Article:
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City of Tshwane’s ‘hidden looting scandal involves politicians and senior officials’

Fired The chief audit executive of the City of Tshwane has challenged Mayor Randall Williams to make his inquiry results available to the metropolitan council. These are believed to include evidence of widespread plunder by politicians and top bureaucrats. Moeketsi Ntsimane, whose contract was terminated two weeks ago following a disciplinary hearing, claimed in a statement that his fate was at the hands of politicians and senior city officials implicated in billions of rands worth of tender fraud and corruption.

Ntsimane stated in his statement that Williams and acting city manager Mmaseabata Mutlaneng were given the reports to present at the council meeting for consideration and a vote on corrective measures to be done.

"An injustice has been committed against me and my team of men and women of integrity by those responsible for driving the city into a constant state of crisis that can be averted only by addressing the underlying cause of the problem. That is, by pursuing those identified in our reports as being involved in illegal activity in connection with the purchase of specific services," said Ntsimane. He accused the chairperson of the disciplinary hearing, Johan Thee, of terminating his contract "illegally and unilaterally." Ntsimane then accused Williams of submitting an illegal contract termination request to council.

"Williams applied little thought to the public statement he issued on April 4 announcing my resignation as the City of Tshwane's chief audit executive. If he had applied his mind, he would have recognized the red flags contained in the chairperson's flawed and illegal decision to usurp the authority to terminate the contract of a senior executive, when his responsibility is limited to making findings and then making recommendations based on those findings.

The Tshwane City Council terminated my work based on an illegal decision. This is in addition to the fact that the hearing's chairperson was so hell-bent on convicting me that he entirely disregarded all my evidence demonstrating my accusers were liars. "They even declared an expert witness with decades of expertise untrustworthy," Ntsimane explained.

His comment comes in the wake of allegations made against Tshwane's mayor and acting municipal manager. They are said to have been instrumental in preventing Ntsimane's team of forensic investigators from exposing senior officials and politicians to law enforcement agencies for allegedly rigging multibillion-rand tenders, resulting in widespread theft at the expense of crucial service delivery.

According to sources, Mutlaneng orchestrated Ntsimane's downfall when she sent a whistle-blower report to the council saying that he was guilty of sexual harassment without doing the appropriate investigation into the authenticity of the charges.

Mutlaneng is then said to have requested that councillors take disciplinary proceedings against Ntsimane based on "prima facie" evidence of sexual harassment of two women worked in his department. This proof was contained in a document provided to her by a council organization dubbed the "ANC Women's League caucus."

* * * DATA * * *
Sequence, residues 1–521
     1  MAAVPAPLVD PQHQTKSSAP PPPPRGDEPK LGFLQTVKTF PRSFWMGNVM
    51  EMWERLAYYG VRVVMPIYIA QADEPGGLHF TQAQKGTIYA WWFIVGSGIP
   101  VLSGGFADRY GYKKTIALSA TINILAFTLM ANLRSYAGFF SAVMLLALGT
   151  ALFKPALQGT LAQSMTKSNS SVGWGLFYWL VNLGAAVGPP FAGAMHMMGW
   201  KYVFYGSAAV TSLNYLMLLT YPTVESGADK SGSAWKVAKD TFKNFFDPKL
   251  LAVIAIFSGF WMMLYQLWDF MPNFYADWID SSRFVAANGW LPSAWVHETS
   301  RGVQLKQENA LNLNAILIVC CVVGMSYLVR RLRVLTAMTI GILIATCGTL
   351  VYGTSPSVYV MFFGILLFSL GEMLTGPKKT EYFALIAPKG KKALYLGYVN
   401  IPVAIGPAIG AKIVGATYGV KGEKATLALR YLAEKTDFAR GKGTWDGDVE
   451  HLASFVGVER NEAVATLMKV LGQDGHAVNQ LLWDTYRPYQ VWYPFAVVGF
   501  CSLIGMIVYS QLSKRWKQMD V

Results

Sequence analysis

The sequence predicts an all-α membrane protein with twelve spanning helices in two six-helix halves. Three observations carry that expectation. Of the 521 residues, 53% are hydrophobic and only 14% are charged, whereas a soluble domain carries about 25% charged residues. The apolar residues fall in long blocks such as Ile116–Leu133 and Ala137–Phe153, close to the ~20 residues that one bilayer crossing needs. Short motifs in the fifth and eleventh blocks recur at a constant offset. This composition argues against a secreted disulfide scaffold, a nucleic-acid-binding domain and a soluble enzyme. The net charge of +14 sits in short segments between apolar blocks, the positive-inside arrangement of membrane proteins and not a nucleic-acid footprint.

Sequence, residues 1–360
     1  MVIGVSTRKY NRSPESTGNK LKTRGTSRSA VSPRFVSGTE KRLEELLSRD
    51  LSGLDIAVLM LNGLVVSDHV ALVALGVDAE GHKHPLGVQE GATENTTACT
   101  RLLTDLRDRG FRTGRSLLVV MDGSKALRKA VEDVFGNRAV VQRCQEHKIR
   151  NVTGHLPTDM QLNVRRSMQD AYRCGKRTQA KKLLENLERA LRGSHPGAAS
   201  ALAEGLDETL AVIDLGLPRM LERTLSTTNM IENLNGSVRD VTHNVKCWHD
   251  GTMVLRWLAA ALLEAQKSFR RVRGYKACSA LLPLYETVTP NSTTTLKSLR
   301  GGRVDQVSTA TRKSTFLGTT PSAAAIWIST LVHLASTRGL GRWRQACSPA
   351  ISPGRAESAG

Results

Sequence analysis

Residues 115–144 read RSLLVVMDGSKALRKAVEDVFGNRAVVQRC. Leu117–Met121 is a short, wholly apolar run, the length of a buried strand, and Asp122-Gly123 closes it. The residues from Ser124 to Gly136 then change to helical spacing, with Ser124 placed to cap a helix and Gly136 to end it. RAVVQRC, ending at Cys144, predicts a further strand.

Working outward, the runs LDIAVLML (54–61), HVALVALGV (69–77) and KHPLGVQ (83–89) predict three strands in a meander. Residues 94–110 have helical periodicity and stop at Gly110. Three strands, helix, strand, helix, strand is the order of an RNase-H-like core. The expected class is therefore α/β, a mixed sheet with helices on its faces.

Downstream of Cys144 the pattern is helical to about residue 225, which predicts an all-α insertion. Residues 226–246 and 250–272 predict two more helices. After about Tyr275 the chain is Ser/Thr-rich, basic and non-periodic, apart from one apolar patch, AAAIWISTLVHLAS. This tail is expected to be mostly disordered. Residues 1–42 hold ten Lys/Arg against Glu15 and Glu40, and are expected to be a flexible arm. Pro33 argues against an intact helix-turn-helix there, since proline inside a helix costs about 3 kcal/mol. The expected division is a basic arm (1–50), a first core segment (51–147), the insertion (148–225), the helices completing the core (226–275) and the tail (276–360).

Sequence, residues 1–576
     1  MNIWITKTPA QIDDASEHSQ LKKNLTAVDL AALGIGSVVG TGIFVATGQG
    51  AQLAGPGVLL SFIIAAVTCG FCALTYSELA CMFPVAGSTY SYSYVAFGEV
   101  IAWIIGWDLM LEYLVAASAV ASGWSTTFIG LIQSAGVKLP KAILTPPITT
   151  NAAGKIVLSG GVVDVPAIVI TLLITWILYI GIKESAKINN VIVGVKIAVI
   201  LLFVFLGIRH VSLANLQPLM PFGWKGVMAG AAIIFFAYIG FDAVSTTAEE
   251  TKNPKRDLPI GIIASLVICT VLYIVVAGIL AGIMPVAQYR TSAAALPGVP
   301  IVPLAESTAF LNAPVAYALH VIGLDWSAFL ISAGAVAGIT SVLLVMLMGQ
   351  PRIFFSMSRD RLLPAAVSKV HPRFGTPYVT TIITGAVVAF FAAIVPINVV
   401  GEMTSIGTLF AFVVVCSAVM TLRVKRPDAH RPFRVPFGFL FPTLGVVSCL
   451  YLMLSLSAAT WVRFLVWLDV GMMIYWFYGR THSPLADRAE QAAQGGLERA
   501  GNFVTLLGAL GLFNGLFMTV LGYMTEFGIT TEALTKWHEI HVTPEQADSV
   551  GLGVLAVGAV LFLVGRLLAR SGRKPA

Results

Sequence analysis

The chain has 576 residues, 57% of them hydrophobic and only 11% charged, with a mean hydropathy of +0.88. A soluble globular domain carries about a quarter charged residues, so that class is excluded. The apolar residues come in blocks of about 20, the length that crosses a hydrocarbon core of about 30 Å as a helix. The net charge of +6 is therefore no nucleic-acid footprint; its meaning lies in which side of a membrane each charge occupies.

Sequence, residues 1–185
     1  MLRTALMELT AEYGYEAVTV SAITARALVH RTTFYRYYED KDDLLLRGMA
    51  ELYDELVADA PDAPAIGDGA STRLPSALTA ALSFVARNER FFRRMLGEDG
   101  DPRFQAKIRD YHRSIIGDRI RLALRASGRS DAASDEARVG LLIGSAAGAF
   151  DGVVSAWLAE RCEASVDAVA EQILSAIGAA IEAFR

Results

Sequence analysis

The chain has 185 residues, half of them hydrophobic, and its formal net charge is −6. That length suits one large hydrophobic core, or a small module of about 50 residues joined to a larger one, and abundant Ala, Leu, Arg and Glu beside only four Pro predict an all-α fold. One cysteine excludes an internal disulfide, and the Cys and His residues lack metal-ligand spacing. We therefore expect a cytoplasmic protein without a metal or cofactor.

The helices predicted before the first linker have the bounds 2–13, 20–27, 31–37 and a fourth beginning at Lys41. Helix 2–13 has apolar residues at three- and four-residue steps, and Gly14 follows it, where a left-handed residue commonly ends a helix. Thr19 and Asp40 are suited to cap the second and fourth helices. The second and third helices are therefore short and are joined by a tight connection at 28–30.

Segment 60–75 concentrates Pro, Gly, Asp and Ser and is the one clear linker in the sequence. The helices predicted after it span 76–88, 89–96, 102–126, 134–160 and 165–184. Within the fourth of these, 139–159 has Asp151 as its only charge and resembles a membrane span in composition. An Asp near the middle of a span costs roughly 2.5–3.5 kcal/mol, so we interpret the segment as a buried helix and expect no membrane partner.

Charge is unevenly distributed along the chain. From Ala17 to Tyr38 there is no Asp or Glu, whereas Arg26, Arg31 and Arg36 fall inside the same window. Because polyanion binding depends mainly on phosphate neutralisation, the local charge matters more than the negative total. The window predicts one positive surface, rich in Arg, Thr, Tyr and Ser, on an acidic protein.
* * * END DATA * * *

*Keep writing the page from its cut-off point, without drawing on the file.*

According to impeccable sources, Ntsimane and other top managers in his department were singled out by politicians and senior city officials who were being probed, exposed, and referred to the Hawks for criminal prosecution on tender rigging, fraud, corruption, and bribery.

"Ntsimane was charged with sexual harassment for disclosing the identities of prominent politicians, businesses, and government officials who were listed in multiple investigation reports that he and his team of trustworthy forensic auditors painstakingly compiled. The reports were subsequently presented to the acting city manager [Mutlaneng] and executive mayor [Williams] for immediate consideration by the council," according to a provincial government official.

"They will stop at nothing to undermine those conducting the investigations, which, I should add, ask for the immediate filing of criminal charges with the Hawks to prosecute individuals found guilty of stealing from taxpayers," the insider added.

Three additional sources with direct access to inside information and power in the Tshwane council supported the source's allegations. At the time of publication, Williams and Mutlaneng had not responded to questions about their alleged involvement in a cover-up sent to them and their spokesperson, Sipho Stuurman, last week.

"What we are witnessing is because it is not just council members who are involved," a director in one of the city's departments remarked. If [Ntsimane] was given the support he believed he initially received following his appointment as a section 56 candidate by the council, he would tell you that the rot he and his team discovered in several instances also implicated high-ranking politicians at both the provincial and national levels."

Section 56 of the local government regulations governing the appointment and employment conditions of top management vests council with the authority to appoint and remove senior executives.

Williams, who was re-elected mayor unopposed in November following the country's local government elections, released a vague statement two weeks ago announcing that a council meeting held on March 31 urgently endorsed a disciplinary hearing decision by its chairperson to terminate Ntsimane's contract following his conviction for sexually harassing two junior employees.

Content created and supplied by: Alexanderdesk (via Opera News )

City of Johan Thee Moeketsi Ntsimane Ntsimane Tshwane


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